onstat -s Latches

The onstat -s command displays the latches that are currently being held by userthreads for resources in shared memory.

Latches with lock or userthread set
name     address           lock wait userthread
physlog  4ebdf368         0    3dbc77d20        3dca48d20
 physb1  4ebdf3e0         0    3dca48d20        3dc7bdaa8
 physb2  4ebdf4e0         0    0                3dca48d20

Output Description

Heading Description Format See Also
name The name of the resource upon which a latch has been acquired.
   Name        Description
   altlatch    Alter table counter
   archive     Archive
   bf[#]       Buffer 
   bh[#]       Hash buffer 
   chunks      Chunks
   ckpt        Checkpoints
   DBSpace     DBSpace
   flushctl    Flusher control
   flushr#     Page cleaners
   locks       Lock table
   lh[#]       Lock hash
   lockfr      Lock free list
   lockdl      Deadlock list
   loglog      Logical Log
   LRU#        LRU queue
   physb1      Physical Log buffer 1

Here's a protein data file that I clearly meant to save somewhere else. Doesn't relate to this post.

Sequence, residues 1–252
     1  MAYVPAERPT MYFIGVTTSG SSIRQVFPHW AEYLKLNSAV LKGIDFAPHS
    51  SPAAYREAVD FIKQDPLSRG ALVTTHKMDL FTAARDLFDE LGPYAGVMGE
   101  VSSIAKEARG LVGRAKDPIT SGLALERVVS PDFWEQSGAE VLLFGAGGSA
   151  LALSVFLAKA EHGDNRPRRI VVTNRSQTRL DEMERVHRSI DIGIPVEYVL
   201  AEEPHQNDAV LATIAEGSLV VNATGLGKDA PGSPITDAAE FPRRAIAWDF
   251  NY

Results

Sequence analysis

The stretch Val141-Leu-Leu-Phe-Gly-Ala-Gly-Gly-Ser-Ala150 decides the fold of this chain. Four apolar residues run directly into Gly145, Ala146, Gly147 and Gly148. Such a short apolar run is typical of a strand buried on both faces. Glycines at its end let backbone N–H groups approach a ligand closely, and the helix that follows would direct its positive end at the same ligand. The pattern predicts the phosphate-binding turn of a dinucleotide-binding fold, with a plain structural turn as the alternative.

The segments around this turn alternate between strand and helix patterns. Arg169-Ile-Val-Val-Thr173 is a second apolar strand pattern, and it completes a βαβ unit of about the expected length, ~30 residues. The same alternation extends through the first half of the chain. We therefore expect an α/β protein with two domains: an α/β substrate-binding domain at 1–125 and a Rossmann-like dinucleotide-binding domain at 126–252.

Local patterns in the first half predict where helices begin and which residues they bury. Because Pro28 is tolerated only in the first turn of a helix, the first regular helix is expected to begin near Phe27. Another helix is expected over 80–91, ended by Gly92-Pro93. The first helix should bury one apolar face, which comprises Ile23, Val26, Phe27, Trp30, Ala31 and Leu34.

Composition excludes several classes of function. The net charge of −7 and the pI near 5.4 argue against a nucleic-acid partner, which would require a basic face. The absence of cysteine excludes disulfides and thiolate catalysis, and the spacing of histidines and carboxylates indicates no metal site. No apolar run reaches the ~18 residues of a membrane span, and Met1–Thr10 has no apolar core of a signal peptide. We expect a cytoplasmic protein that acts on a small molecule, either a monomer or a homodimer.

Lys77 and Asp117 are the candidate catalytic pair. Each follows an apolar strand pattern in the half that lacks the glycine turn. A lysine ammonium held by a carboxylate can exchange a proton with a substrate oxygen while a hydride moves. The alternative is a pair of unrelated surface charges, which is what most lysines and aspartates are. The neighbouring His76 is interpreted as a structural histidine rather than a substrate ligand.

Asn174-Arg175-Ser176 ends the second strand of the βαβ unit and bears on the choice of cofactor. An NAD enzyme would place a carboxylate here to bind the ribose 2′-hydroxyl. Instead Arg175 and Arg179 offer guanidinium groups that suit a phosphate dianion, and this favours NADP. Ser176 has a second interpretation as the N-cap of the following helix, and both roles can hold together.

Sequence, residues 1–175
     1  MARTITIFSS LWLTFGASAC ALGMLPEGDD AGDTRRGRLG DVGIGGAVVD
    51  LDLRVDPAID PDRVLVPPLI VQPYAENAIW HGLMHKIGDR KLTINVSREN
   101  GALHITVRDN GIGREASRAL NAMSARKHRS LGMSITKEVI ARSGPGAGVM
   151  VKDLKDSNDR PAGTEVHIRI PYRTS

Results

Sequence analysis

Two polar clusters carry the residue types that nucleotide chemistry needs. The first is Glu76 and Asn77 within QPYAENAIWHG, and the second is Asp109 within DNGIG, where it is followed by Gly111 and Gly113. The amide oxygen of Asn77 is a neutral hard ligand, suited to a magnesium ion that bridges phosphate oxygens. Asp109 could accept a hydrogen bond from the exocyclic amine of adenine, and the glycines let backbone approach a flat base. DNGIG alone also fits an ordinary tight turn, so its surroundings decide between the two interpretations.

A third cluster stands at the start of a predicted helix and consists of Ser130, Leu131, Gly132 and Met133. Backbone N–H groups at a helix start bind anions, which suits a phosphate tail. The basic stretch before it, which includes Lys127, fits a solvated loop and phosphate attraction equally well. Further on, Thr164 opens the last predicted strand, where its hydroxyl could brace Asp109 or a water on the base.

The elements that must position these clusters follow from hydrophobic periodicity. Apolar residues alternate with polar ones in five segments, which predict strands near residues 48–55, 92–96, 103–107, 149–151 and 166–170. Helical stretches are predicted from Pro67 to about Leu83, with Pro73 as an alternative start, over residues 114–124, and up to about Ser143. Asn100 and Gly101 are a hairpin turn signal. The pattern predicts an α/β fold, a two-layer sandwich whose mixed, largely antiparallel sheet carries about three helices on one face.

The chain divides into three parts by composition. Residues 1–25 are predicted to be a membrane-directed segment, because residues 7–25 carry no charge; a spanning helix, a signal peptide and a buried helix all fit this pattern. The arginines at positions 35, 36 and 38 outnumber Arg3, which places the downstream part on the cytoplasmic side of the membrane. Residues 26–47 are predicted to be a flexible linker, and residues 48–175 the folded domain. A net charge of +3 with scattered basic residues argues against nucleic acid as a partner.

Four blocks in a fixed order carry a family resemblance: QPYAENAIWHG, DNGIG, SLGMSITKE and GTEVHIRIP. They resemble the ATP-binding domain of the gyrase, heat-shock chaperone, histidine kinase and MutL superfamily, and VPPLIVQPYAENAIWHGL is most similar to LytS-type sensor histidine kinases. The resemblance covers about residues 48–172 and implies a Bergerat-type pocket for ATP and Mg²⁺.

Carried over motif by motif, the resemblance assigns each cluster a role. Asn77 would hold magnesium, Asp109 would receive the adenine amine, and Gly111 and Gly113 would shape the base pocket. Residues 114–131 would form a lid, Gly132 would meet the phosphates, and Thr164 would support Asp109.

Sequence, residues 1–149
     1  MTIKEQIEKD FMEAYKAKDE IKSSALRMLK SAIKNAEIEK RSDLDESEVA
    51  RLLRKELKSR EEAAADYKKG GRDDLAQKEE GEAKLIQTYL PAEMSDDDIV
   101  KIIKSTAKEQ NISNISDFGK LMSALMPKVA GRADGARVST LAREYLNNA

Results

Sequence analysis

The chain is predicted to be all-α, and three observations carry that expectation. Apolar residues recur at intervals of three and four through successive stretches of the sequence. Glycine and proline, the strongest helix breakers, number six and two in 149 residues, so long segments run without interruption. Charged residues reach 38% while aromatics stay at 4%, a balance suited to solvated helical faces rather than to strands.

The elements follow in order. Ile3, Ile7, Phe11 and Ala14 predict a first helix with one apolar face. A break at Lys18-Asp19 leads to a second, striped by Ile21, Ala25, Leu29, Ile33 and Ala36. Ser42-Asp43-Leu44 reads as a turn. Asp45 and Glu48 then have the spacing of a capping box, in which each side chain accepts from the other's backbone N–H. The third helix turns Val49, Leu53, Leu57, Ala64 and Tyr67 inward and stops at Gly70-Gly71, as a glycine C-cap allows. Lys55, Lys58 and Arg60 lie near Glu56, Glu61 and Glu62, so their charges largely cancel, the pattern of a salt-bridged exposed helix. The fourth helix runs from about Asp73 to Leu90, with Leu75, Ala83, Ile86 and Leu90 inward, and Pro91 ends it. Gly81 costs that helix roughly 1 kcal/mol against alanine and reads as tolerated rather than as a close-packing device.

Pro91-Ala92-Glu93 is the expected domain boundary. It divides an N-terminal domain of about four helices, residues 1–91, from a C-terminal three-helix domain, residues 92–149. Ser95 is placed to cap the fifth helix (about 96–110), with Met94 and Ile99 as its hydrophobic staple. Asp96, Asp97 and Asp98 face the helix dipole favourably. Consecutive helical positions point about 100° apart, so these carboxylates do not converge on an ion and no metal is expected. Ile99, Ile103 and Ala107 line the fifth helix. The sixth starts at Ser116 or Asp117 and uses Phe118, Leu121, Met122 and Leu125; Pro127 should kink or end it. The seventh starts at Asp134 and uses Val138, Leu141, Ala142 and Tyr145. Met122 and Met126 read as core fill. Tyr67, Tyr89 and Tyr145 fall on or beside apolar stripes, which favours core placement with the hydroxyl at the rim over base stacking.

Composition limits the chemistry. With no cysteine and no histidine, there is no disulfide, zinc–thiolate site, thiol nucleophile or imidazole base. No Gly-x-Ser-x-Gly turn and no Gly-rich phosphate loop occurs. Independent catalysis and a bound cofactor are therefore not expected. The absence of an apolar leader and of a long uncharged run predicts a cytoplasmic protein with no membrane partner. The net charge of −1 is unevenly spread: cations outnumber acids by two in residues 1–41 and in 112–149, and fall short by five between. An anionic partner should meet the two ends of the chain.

physb2      Physical Log buffer 2
   physlog     Physical Log
   pt          Tblspace tblspace
   tblsps      Tblspace table
   timestamp   Timestamp
   trace       Trace buffer
   trans       Transactions
   txlk[#]     Transaction list
   users       User table
   userthreads User list
Str onstat -u
onstat -g amx
onstat -g lmx
onstat -g wmx
address The in-memory address of the latch. Hex  
lock Indicates if the lock on the resource is set. The code that indicates the lock status (1 or 0) is machine dependent Dec  
wait The first address of the thread waiting for this resource. Hex  
userthread The address of the userthread holding the latch. Hex onstat -u

Notes

    Latches are a method for controlling simultaneous access to shared memory resources.
    The userthread address can be used with onstat -u command to track the user
    To obtain the rstcb address from the tcb address, examine the output of the onstat -g ath command, which lists both addresses for each user thread.

Monitoring and Tuning

    Latches are grabbed and released very rapidly. As such, you generally will not see the same latch being held by the same thread if you run the onstat command a second time.

    The number of latches (mutexes) required can be reduced by using one CPU VP and setting the value of SINGLE_CPU_VP to 1 in the configuration file when working on a one or two CPU machine.

    Another method for monitoring mutexes is through the MT commands amx, lmx and wmx, which show all mutexes, locked mutexes and mutexes with waiters.